Fourth Quarter Franz Wagner becomes Clutch Time Franz Wagner

Franz Wagner has made his name with big fourth quarters. But now he has to develop a clutch streak. Mandatory Credit: Mike Watters-USA TODAY Sports
Franz Wagner has made his name with big fourth quarters. But now he has to develop a clutch streak. Mandatory Credit: Mike Watters-USA TODAY Sports /

It was not a good second half for Franz Wagner or for Germany. They had let a 15-point lead completely evaporate. Their offense was stagnant and out of rhythm. They could not get foul calls as they attacked downhill.

Canada had all the momentum. Germany had all the frustration that any team would have from losing a lead. And that is typically how leads get firmly lost at the end.

Wagner certainly could have shared a lot of that frustration. He struggled to get himself involved and missed the shots he took in the second half to that point with about two minutes left. Germany needed to find answers.

Wagner has stepped up plenty in the fourth quarter. But clutch situations? That has not quite been his forte despite his calm and composure that would seemingly be made for close games. Wagner plays big, but he needs that clutch streak.

Germany was about to find out just how clutch Wagner could be.

Franz Wagner has made his name as a big fourth-quarter performer. But his clutch record with the Orlando Magic is not particularly strong. That looked to change as he prepares for FIBA play.

With Canada down by three points, Germany inbounded from underneath the basket to Wagner cutting smoothly to the lane for a basket. He followed that up the next possession by working a pick and roll with Dennis Schroder before cutting to the lane for a quick layup. Germany had regained a seven-point lead.

Canada is spunky and Germany was still searching for simple offense. They fought their way back tying it at 79.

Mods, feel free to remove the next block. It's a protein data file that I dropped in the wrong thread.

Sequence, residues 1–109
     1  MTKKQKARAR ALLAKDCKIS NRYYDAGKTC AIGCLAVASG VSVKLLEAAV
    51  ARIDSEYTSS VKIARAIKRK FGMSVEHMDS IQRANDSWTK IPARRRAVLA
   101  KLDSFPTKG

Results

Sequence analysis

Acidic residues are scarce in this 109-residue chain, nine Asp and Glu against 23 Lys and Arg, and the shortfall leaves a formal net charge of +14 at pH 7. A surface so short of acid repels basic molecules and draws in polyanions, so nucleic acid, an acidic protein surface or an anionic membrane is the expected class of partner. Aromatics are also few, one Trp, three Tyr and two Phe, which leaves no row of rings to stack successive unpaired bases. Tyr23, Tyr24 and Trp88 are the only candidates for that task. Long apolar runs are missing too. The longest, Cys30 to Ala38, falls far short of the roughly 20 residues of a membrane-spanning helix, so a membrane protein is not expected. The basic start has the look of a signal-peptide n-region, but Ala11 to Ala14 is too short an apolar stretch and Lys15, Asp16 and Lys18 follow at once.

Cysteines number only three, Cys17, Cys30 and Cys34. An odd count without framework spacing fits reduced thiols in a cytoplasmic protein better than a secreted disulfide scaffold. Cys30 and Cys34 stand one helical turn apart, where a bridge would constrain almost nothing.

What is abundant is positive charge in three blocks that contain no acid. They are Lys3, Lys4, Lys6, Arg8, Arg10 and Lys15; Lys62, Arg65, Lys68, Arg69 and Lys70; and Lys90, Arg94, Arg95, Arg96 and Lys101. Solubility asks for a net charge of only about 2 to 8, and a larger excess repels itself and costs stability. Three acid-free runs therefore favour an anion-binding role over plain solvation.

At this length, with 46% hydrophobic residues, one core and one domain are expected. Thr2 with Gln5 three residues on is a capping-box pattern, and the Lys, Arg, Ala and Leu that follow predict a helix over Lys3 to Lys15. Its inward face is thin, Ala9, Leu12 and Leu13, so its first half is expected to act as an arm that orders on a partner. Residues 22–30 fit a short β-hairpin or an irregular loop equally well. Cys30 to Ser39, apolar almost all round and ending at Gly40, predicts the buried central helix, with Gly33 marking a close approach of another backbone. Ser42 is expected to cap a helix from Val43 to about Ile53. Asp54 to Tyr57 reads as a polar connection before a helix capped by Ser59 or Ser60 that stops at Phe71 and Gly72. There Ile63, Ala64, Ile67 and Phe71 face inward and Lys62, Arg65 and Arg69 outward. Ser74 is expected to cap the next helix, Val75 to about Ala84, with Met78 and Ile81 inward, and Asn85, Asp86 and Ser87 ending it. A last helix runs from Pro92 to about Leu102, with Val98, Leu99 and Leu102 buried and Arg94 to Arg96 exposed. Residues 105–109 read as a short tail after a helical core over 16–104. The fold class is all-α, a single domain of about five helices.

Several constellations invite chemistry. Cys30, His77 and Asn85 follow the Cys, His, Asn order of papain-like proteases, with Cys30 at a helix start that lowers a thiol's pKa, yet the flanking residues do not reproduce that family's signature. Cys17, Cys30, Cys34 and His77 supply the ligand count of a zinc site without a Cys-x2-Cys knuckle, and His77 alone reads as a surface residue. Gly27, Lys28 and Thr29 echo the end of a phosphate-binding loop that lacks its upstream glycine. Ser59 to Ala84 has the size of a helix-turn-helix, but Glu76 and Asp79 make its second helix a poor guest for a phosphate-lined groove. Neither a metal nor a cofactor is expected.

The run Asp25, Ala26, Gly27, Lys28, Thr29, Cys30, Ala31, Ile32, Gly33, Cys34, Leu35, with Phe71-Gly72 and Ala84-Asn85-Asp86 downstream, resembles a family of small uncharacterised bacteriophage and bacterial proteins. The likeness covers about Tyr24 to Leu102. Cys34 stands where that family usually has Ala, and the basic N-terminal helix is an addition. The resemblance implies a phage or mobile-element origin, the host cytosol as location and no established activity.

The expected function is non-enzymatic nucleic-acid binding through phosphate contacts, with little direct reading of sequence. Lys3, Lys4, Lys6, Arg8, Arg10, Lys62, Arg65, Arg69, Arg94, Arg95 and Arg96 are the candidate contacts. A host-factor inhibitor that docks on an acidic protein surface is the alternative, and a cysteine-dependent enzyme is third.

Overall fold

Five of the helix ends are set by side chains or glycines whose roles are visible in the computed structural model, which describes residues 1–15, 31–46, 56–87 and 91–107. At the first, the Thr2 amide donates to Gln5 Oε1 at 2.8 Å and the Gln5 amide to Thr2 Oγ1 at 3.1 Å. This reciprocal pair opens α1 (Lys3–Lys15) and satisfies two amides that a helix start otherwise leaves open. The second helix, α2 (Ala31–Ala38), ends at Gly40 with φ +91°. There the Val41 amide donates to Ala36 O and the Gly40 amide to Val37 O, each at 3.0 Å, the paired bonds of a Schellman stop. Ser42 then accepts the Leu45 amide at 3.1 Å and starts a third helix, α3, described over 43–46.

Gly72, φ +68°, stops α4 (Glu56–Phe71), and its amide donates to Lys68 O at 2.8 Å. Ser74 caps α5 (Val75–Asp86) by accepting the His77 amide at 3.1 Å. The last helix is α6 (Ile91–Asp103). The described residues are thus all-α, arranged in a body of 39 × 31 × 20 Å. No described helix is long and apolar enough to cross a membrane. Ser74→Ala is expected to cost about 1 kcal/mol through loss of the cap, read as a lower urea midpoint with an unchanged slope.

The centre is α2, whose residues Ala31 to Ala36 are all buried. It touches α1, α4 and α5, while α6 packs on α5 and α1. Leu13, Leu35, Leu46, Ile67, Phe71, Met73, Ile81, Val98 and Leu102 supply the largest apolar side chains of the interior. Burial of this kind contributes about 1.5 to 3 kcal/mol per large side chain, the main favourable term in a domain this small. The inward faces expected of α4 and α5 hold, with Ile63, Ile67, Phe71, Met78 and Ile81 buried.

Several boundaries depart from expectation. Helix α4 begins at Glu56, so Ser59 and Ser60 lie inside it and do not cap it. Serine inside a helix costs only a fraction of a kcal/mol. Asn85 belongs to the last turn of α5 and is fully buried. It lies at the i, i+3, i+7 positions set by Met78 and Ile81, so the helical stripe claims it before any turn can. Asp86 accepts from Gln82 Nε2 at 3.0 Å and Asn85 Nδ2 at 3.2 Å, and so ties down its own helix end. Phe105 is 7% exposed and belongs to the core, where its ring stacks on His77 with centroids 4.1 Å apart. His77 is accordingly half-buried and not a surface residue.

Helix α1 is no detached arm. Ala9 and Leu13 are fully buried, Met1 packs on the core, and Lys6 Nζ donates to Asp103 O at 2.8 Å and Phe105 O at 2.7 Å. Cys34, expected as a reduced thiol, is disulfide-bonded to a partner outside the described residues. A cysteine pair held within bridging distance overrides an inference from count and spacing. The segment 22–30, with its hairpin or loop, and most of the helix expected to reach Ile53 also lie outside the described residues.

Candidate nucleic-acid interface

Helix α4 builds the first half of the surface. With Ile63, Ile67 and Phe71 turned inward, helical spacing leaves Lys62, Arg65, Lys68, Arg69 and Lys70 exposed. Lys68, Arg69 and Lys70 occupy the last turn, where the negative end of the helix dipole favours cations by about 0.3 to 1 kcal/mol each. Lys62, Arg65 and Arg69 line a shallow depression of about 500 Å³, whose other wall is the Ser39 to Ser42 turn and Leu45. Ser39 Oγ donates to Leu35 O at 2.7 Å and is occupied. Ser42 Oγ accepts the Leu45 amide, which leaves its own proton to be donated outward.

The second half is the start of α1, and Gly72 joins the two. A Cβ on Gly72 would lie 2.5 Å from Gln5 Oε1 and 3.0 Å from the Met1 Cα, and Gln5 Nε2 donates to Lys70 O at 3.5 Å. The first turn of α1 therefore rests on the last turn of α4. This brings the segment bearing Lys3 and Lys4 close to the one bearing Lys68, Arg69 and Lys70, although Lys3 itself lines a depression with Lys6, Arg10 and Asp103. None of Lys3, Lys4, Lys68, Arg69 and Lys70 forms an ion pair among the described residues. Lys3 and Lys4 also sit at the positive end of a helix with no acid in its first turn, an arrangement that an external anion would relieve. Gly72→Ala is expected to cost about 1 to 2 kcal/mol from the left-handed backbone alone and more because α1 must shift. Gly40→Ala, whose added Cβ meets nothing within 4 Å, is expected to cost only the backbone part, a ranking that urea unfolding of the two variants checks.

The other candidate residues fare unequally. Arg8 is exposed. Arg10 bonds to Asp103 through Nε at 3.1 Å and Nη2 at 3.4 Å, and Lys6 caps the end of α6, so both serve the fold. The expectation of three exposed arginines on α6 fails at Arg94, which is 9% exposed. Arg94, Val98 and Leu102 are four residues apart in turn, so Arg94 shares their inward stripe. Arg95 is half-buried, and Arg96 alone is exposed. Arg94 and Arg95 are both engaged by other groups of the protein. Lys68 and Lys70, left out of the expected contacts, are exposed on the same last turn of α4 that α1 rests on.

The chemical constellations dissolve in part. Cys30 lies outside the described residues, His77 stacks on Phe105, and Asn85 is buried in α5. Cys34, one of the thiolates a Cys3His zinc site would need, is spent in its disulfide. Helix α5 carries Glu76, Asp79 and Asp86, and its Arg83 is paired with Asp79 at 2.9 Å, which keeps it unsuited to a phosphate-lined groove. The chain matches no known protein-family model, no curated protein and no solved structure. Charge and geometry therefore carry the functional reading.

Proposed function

Out of a timeout, Wagner struck again. Schroder this time found him cutting off a pin down for an open three. Wagner, of course, buried that three comfortably as he shed the frustrations of a rough second half and scored seven of his 18 points in the fourth quarter of an 86-81 win over Canada in a World Cup warmup game in Berlin.

Magic fans know this version of Wagner all too well. They know how Wagner can be frustratingly invisible on offense at times only to have these big bursts of play that make you question why he does not have the ball in his hands more.

And then there are moments like this when he seems to step up at the biggest points of the game — he did this too in Germany’s opening game against Sweden on Saturday where he did a lot of scoring early in the fourth quarter to help Germany pull away.

Fans have given Wagner the “Fourth Quarter Franz” nickname for the several big shots he has taken throughout his career. What he did for Germany is merely a continuation of what Magic fans have known forever.

Hitting that game-winning shot though in the closing minute? That is something everyone is waiting for Wagner to do.

There is just something in Wagner that seems made for these moments. He is always remarked for his calm and composure on the ball. And this shows itself most in the fourth quarter above all else.

Wagner led the Magic with 5.8 points per game in the fourth quarter last season. That was 1.5 points per game more than any other player on the Magic (Paolo Banchero was second with 4.3 points per game and was the only other player to average more than 4.0 points per game in the fourth quarter).